A coalition of theologians, pastors, ministry leaders, scientists, economists, policy experts, and committed laymen, the Cornwall Alliance is the world’s leading evangelical voice promoting environmental stewardship and economic development built on Biblical principles. We seek to magnify the glory of God in creation, the wisdom of His truth in environmental stewardship, the kindness of His mercy in lifting the needy out of poverty, and the wonders of His grace in the gospel of Jesus Christ.

The Cornwall Alliance integrates the work of theologians, scientists, and economists to promote, simultaneously, these three things:

  • Godly dominion over the Earth: not selfish abuse of the Earth, and not just recycling and using low-energy light bulbs and reducing toxic emissions, but men and women, created in the image of God, working together to enhance Earth’s fruitfulness, beauty, and safety, to the glory of God and the benefit of our neighbors, thus addressing simultaneously the two Great Commandments: to love God, and to love our neighbor.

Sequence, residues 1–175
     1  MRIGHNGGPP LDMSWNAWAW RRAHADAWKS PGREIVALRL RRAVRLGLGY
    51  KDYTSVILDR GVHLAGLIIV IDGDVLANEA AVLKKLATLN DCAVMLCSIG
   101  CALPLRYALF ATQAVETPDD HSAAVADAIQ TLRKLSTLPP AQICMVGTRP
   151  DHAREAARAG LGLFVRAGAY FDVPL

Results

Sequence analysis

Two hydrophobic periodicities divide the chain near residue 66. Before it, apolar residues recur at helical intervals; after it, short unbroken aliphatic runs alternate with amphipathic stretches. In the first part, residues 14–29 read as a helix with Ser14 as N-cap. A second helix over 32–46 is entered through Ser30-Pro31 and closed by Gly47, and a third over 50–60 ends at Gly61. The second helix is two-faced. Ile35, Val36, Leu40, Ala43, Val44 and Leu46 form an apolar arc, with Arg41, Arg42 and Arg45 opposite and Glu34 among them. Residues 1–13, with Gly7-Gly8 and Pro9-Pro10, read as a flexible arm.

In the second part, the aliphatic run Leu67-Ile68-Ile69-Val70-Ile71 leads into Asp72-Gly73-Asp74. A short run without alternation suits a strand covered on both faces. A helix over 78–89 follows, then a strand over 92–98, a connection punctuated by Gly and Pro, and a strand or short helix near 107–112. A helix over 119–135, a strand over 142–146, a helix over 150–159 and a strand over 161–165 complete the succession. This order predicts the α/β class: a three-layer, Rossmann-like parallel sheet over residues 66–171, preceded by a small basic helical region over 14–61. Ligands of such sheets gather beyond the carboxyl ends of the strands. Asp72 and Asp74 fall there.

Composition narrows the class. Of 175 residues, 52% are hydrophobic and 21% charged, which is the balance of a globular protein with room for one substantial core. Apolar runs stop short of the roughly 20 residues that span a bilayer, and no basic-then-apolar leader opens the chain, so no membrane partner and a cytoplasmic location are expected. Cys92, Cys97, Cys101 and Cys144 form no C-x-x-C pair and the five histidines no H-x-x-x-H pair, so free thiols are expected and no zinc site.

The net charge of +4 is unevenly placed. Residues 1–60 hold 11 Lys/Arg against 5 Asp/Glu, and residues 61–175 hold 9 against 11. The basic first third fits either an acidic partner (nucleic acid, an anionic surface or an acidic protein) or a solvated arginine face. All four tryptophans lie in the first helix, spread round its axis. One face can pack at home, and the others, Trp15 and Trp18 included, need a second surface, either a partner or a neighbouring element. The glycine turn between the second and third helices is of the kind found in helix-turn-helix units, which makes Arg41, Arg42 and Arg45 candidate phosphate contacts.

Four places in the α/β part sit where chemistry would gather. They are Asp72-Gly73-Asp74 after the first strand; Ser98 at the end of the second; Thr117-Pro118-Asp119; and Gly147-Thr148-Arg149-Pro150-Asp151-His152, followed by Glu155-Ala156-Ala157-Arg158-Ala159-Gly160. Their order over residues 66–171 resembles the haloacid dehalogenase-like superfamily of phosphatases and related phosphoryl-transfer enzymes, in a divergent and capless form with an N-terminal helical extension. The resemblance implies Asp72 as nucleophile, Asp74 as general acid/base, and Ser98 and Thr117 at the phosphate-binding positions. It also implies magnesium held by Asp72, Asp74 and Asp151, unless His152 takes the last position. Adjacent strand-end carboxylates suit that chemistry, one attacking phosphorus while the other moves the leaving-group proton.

• Economic development for the world’s poorest — think in terms of sub-Saharan Africa and parts of Asia and Latin America — by promoting God-given rights to religious, civil, and economic liberty with the combinations of political institutions like property rights, voluntary trade, and limited, accountable government to protect those rights.
  • Proclamation and defense of the gospel of Jesus Christ — justification by grace alone through faith alone in Christ alone, who died for our sins, was buried, and rose again from the dead — in a world permeated by an environmentalist movement most of whose worldview, theology, and ethics are unbiblical, whose science and economics are often of low quality, whose policies therefore often fail to protect the natural world effectively but harm the world’s poor by slowing, stopping, or reversing economic development, and whose teachings on God, creation, humanity, sin, and salvation offer a false hope to sinners in need of salvation and societies in need of justice, freedom, and decent standards of living.